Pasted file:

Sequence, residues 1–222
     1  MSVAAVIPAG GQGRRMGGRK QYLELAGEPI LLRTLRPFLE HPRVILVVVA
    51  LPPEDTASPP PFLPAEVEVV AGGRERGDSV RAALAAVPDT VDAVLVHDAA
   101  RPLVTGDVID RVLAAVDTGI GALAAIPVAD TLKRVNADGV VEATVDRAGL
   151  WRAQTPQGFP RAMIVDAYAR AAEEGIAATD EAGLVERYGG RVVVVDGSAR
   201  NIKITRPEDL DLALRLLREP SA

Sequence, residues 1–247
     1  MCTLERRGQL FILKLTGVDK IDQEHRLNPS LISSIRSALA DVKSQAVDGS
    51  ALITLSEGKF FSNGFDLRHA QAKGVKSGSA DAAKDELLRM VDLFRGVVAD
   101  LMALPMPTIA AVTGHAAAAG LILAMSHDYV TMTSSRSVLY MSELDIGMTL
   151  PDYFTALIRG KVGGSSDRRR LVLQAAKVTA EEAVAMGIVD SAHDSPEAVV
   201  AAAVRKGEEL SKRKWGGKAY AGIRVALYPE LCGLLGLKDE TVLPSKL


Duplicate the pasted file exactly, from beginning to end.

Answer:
Sequence, residues 1–222
     1  MSVAAVIPAG GQGRRMGGRK QYLELAGEPI LLRTLRPFLE HPRVILVVVA
    51  LPPEDTASPP PFLPAEVEVV AGGRERGDSV RAALAAVPDT VDAVLVHDAA
   101  RPLVTGDVID RVLAAVDTGI GALAAIPVAD TLKRVNADGV VEATVDRAGL
   151  WRAQTPQGFP RAMIVDAYAR AAEEGIAATD EAGLVERYGG RVVVVDGSAR
   201  NIKITRPEDL DLALRLLREP SA

Sequence, residues 1–247
     1  MCTLERRGQL FILKLTGVDK IDQEHRLNPS LISSIRSALA DVKSQAVDGS
    51  ALITLSEGKF FSNGFDLRHA QAKGVKSGSA DAAKDELLRM VDLFRGVVAD
   101  LMALPMPTIA AVTGHAAAAG LILAMSHDYV TMTSSRSVLY MSELDIGMTL
   151  PDYFTALIRG KVGGSSDRRR LVLQAAKVTA EEAVAMGIVD SAHDSPEAVV
   201  AAAVRKGEEL SKRKWGGKAY AGIRVALYPE LCGLLGLKDE TVLPSKL